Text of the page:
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Haggai 1:2-8

Context
The Indifference of the People

1:2 The Lord who rules over all 1  says this: “These people have said, ‘The time for rebuilding the Lord’s temple has not yet come.’” 2  1:3 So the Lord spoke through the prophet Haggai as follows: 3  1:4 “Is it right for you to live in richly paneled houses 4  while my temple is in ruins? 5  1:5 Here then is what the Lord who rules over all says: ‘Think carefully about what you are doing. 6  1:6 You have planted much, but have harvested little. You eat, but are never filled. You drink, but are still thirsty. You put on clothes, but are not warm. Those who earn wages end up with holes in their money bags.’” 7 

The Instruction of the People

1:7 “Moreover, the Lord who rules over all says: ‘Pay close attention to these things also. 8  1:8 Go up to the hill country and bring back timber to build 9  the temple. 10  Then I will be pleased and honored,’ 11  says the Lord.

1 sn The epithet Lord who rules over all occurs frequently as a divine title throughout Haggai (see 1:5, 7, 9, 14; 2:4, 6, 7, 8, 9, 11, 23). This name (יְהוָה צְבָאוֹת, yÿhvah tsÿvaot), traditionally translated “Lord of hosts” (so KJV, NAB, NASB; cf. NIV, NLT “Lord Almighty”; NCV, CEV “Lord All-Powerful”), emphasizes the majestic sovereignty of the Lord, an especially important concept in the postexilic world of great human empires and rulers. For a thorough study of the divine title, see T. N. D. Mettinger, In Search of God, 123-57.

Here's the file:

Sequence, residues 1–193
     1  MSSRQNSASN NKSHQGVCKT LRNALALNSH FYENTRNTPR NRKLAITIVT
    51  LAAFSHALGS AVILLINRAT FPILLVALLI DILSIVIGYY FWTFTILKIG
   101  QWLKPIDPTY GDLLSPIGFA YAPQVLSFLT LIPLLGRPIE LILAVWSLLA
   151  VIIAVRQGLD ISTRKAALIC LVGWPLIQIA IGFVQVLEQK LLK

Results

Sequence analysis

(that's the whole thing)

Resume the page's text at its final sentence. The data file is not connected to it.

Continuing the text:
2 tn Heb “the time has not come, the time for the house of the Lord to be built” (similar KJV). A number of English versions refer to “rebuilding” (so NAB, NCV, NRSV, TEV, NLT) since the reconstruction of Solomon’s temple is actually in view.

3 tn Heb “and the word of the Lord came by the hand of Haggai the prophet, saying.” Cf. the similar expression in v. 1 and the note there.

4 sn Richly paneled houses. Paneling is otherwise known in the OT only in connection with the temple (1 Kgs 6:9) and the royal palace (2 Kgs 7:3, 7). It implies decoration and luxury (cf. NCV “fancy houses”; TEV “well-built houses”; NLT “luxurious houses”). The impropriety of the people living in such lavish accommodations while the temple lay unfinished is striking.

5 tn Heb “Is it time for you, [yes] you, to live in paneled houses, while this house is in ruins”; NASB “lies desolate”; NIV “remains a ruin.”

6 tn Heb “Set your heart upon your ways” (see 2:15, 18); traditionally “Consider your ways” (so KJV, ASV, NAB, NASB).

7 tn Some translate “pockets” (so NLT) but the Hebrew word צְרוֹר (tsÿror) refers to a bag, pouch, or purse of money (BDB 865 s.v. צְרוֹר; HALOT 1054 s.v. צְרוֹר 1). Because coinage had been invented by the Persians and was thus in use in Haggai’s day, this likely is a money bag or purse rather than pouches or pockets in the clothing. Since in contemporary English “purse” (so NASB, NIV, NCV) could be understood as a handbag, the present translation uses “money bags.”

8 tn Heb “Set your heart upon your ways”; see v. 5.

9 tn Heb “and build the house” (so NIV, NRSV), with “house” referring specifically to the temple here.

10 sn The temple was built primarily of stone, so the timber here refers to interior paneling (see v. 4) and perhaps to scaffolding (see Ezra 5:8; 6:4).

11 tn The Hebrew verb אֶכָּבְדָ (’ekkavda) appears to be a defectively written cohortative (“that I may be glorified”). The cohortatives (note that the preceding אֶרְצֶה, ’ertseh, “I will be pleased,” may also be taken as cohortative) indicate purpose/result (cf. NIV, NRSV “so that”; CEV “so”) following the imperatives of v. 8a (“go up,” “bring back,” “build”).



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